Here’s the latest reader question, along with my reply!
Pam asks: A few months back, I had to say “goodbye” to my ’89 Corolla and “hello” to a 2002 Honda Accord with 200,000 plus miles on it. Other than that, it’s a beaut. I’m needing to buy tires for it, and have no clue what might be a good for it – and hesitate to take counsel from the tire dealerships around here Western PA – simply because I haven’t heard much good about them. If you might have some wisdom to offer, I’d sure appreciate it.
My reply: Well, the first thing to do is find a tire store that doesn’t give you the skeevies! Even if you have to drive a bit out of your way, it’s worth the drive to avoid being taken for a ride (or worse, subject your car to shoddy/incompetent work). I would begin by asking people you trust where they get their tires; that ought to give you a few leads at least. And no harm can come from going into some of these stores and talking with the guy behind the counter; if you get a good feeling, that’s good. If you get a bad feeling, that’s also good – because you haven’t committed to anything. Just thank them and leave!
On the tires themselves: You didn’t mention the attributes you valued most. For example, a “sport” tire will give you sharper steering feel as well as increased high-speed cornering grip. But “sport” tires also tend to impart a firmer (some will say rougher) ride and sometimes are noticeably noisier, too.
In addition, they tend to wear faster – because of the different materials used to give them the “sporty” attributes.
Other tires are designed to last a very long time – and/or to give a smoother/softer ride. But you don’t get the sharpest steering response and high-speed handling isn’t as adroit.
Some tires are designed to give better traction in wet and snow; others less so.
And so on.
So, shopping for tires is kind of like shopping for clothes. Different clothes for different conditions/situations. Shorts and T shirts are great in summer… not so much in December.
Accordingly, I’d begin by asking myself which attributes I want from a tire most of all – and let that criteria (e.g., steering response – or long tread life) winnow down the selection.
Your car may have come from the factory with “sport” tires – but perhaps you don’t especially care about high-speed handling and would prefer longer tread life and a smoother ride.
You can decide to not buy the “sport” tires – to get the smoother ride and longer tread life. Or you might want your car to be “sportier” feeling – and so replace the factory all-seasons with a sportier tire.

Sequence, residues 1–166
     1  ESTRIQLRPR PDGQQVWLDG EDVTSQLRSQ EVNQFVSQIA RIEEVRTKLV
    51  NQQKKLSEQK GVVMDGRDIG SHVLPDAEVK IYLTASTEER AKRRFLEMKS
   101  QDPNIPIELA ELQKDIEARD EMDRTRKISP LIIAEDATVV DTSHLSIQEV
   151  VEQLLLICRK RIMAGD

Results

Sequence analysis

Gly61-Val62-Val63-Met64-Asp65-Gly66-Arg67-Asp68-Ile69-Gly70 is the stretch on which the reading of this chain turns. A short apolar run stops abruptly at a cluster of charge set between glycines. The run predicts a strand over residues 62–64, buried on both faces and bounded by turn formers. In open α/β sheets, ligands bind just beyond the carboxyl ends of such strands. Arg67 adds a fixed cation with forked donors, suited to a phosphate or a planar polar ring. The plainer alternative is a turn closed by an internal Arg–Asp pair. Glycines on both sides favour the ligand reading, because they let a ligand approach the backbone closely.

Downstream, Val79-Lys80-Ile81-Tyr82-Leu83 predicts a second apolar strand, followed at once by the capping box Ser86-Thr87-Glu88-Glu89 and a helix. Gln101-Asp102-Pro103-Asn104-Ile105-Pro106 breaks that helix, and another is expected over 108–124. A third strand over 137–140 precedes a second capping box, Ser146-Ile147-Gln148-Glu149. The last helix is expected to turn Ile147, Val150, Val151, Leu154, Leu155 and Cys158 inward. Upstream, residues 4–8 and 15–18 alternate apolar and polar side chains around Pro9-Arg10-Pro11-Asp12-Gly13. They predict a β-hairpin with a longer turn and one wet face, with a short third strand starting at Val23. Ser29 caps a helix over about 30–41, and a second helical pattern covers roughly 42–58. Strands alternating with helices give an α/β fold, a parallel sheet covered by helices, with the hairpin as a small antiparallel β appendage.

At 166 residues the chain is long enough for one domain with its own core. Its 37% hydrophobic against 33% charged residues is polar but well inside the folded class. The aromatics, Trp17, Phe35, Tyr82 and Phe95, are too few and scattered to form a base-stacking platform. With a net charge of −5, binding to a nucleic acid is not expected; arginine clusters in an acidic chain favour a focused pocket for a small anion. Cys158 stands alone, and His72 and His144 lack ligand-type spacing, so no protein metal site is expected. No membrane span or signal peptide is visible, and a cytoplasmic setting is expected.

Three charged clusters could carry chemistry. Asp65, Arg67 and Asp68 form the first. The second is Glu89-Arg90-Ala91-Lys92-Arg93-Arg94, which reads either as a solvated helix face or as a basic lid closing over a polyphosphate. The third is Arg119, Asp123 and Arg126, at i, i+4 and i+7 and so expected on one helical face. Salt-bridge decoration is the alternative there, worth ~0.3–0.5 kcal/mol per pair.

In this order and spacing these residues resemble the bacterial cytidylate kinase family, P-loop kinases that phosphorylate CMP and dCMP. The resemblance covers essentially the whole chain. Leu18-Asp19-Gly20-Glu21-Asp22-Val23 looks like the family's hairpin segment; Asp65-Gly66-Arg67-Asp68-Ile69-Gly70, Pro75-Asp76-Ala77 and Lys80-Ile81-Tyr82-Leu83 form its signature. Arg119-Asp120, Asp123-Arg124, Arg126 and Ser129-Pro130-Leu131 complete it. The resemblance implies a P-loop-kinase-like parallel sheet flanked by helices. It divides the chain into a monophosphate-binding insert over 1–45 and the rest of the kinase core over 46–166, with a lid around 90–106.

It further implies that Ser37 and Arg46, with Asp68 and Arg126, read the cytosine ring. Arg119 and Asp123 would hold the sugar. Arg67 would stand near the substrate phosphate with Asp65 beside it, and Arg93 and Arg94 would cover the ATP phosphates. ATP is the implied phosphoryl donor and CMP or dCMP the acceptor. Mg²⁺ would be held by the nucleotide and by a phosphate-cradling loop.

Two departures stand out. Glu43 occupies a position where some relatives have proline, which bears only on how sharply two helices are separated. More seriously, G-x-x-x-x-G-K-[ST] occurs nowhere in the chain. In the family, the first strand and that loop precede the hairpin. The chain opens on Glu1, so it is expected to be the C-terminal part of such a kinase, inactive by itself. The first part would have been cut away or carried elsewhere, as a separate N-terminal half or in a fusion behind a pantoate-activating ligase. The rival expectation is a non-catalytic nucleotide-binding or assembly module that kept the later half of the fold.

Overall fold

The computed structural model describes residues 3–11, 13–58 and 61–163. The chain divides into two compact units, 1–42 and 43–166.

Beyond that, the decision comes down to brand/price. Some tire brands have a better reputation than others, just as some car brands have a better reputation than others. I would “due diligence” before you buy, checking consumer resources web sites for complaints about specific brands of tire. My personal experience with Michelin, Kumho, Sumitomo and Yokohama tires has been positive – but your mileage may vary.
The other big thing to keep in mind is the age of the tire.
Sometimes, new tires can be old tires. Not used tires, but old. They have been sitting on the rack for a long time – and you don’t want old (even if new) tires because rubber ages even if the tire has never been mounted on a wheel.
Ask about – and check for yourself – how old the tires you’re about to buy are. Each tire has a date code stamped on it (see here) that will give you the info. A few months is fine; a few years is – obviously – not.
Hope this helps – and keep us posted!
Got a question about cars – or anything else? Click on the “ask Eric” link and send ’em in!
If you like what you’ve found here please consider supporting EPautos.
PS: Get an EPautos magnet (pictured below) in return for a $20 or more one-time donation or a $5 or more monthly recurring donation. (Please be sure to tell us you want a sticker – and also, provide an address, so we know where to mail the thing!)
My latest eBook is also available for your favorite price – free! Click here.